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My Windows box has recently begun behaving strangely.

After being up for approximately 3-4 days, I am unable to make any outgoing TCP connections. Most applications without specific error handling will simply say "connection failed". Some investigation shows that the error is "No buffer space available."

An Event Log entry tells more of the story:

TCP/IP failed to establish an outgoing connection because the selected local endpoint was recently used to connect to the same remote endpoint. This error typically occurs when outgoing connections are opened and closed at a high rate, causing all available local ports to be used and forcing TCP/IP to reuse a local port for an outgoing connection. To minimize the risk of data corruption, the TCP/IP standard requires a minimum time period to elapse between successive connections from a given local endpoint to a given remote endpoint.

I ran netstat -qno at an admin command prompt and saw the following:

Active Connections

  Proto  Local Address          Foreign Address        State           PID
  TCP    0.0.0.0:135            0.0.0.0:0              LISTENING       972
  TCP    0.0.0.0:445            0.0.0.0:0              LISTENING       4
  TCP    0.0.0.0:3389           0.0.0.0:0              LISTENING       592
  TCP    0.0.0.0:5357           0.0.0.0:0              LISTENING       4
  TCP    0.0.0.0:6160           0.0.0.0:0              LISTENING       2808
  ... some more random TCP connections ...
  TCP    0.0.0.0:49152          0.0.0.0:0              BOUND           4
  TCP    0.0.0.0:49153          0.0.0.0:0              BOUND           4
  TCP    0.0.0.0:49154          0.0.0.0:0              BOUND           4
  TCP    0.0.0.0:49155          0.0.0.0:0              BOUND           4
  TCP    0.0.0.0:49156          0.0.0.0:0              BOUND           4
  TCP    0.0.0.0:49157          0.0.0.0:0              BOUND           4
  TCP    0.0.0.0:49158          0.0.0.0:0              BOUND           4
  TCP    0.0.0.0:49159          0.0.0.0:0              BOUND           4
  TCP    0.0.0.0:49160          0.0.0.0:0              BOUND           4
  TCP    0.0.0.0:49161          0.0.0.0:0              BOUND           4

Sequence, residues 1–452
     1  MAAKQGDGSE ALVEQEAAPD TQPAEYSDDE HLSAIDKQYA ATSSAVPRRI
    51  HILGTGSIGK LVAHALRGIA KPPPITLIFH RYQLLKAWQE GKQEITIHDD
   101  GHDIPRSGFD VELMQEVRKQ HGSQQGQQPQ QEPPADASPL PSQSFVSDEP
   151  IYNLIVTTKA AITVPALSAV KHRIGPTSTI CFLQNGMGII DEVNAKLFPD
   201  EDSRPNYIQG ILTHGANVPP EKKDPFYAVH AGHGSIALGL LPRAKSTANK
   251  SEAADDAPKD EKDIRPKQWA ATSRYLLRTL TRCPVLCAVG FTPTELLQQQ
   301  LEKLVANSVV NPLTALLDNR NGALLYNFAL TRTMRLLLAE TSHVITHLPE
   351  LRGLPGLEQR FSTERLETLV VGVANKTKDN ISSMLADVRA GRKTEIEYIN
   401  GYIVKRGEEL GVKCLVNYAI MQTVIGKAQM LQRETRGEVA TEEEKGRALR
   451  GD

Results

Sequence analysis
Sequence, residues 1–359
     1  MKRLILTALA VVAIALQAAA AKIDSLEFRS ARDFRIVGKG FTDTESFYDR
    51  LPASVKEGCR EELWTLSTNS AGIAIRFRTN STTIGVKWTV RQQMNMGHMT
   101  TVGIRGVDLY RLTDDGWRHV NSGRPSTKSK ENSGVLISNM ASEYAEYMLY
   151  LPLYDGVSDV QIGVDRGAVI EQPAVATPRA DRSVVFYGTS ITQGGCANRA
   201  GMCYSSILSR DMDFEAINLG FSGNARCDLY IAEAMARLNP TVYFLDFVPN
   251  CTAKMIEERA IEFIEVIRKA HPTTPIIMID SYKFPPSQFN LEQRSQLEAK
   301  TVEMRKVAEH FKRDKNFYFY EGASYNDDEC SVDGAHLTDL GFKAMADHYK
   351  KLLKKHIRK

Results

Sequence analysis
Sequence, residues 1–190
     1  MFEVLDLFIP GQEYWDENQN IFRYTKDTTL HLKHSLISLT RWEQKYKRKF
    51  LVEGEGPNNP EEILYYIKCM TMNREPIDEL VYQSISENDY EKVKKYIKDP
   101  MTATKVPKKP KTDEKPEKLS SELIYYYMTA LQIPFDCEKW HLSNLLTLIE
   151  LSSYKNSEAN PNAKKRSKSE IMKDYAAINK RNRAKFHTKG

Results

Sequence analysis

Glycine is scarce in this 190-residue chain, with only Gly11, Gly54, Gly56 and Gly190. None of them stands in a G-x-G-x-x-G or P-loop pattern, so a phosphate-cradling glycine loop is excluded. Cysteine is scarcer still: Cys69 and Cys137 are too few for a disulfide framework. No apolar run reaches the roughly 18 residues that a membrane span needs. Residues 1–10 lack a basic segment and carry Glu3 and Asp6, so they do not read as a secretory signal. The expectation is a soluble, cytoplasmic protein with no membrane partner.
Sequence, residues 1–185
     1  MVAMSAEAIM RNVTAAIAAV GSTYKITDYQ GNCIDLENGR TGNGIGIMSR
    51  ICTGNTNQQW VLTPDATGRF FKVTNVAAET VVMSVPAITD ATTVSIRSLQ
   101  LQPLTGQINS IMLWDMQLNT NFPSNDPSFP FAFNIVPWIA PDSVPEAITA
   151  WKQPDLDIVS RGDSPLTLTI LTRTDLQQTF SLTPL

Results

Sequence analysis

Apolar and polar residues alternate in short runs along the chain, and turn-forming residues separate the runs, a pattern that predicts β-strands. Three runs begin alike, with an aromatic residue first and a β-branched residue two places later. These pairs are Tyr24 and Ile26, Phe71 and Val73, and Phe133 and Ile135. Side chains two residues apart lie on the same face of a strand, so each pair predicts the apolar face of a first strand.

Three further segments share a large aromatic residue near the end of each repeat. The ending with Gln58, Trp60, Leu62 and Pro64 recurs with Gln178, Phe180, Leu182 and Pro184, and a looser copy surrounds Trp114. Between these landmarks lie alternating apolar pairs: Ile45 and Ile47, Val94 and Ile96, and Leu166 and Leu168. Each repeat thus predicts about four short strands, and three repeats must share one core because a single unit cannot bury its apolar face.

... 16,383 entries, all the way up to ...
  TCP    0.0.0.0:65531          0.0.0.0:0              BOUND           4
  TCP    0.0.0.0:65532          0.0.0.0:0              BOUND           4
  TCP    0.0.0.0:65533          0.0.0.0:0              BOUND           4
  TCP    0.0.0.0:65534          0.0.0.0:0              BOUND           4
  TCP    0.0.0.0:65535          0.0.0.0:0              BOUND           4
  ... some UDP stuff, nothing out of the ordinary ...

As you can see, it is indeed the case that every single TCP outbound port is in the BOUND state, and the owning PID is 4, which represents the System process. (The same process is listening on e.g. port 445 for SMB connections.)

TCPView does not show any of these BOUND connections, only otherwise active connections that were open prior to the issue beginning.

Full malware scan with Defender reports no issues.

I have already tried stopping any unnecessary services and closing any unused applications. Even logging out and back in does not resolve the problem. The only resolution is to reboot the system, and even then, it only resolves the problem for a few more days.

I do note that when typical user applications (e.g. Chrome) use outbound TCP ports, they do show up in the BOUND state but they have the correct PID associated with them in Netstat. This seems to indicate either some serious malware or some kind of major bug in Windows.

Windows 10 1607.

What would be my next step in troubleshooting this issue?

  • I see you that you found your problem, but to answer "What would be my next step in troubleshooting this issue" you could've done some combination of packet capturing (e.g. WireShark) and process monitoring (e.g. SysInternals Process Monitor) to help narrow it down. – BrianC May 12 '17 at 5:02
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I believe I have found the culprit.

I had done some experimenting with the iSCSI initiatior a while back (connecting it to a NAS4Free instance). I noticed that the iSCSI initiator was still trying to connect - every few minutes - to the iSCSI server I had running. I deleted the IP address of my (decommissioned) server and so far, it seems to have stopped the flood of bound ports.

This would make sense since the iSCSI initiator is a system-level service. Perhaps there's a bug in the service?

0

There is a windows update that caused this issue to happen with iSCSI connections.

May 9, 2017—KB4019215 https://support.microsoft.com/en-us/help/4019215/windows-8-update-kb4019215

You can remove this update or apply the latest to avoid this issue where new connections are made to deleted iSCSI targets until all the ephemeral ports are exhausted.

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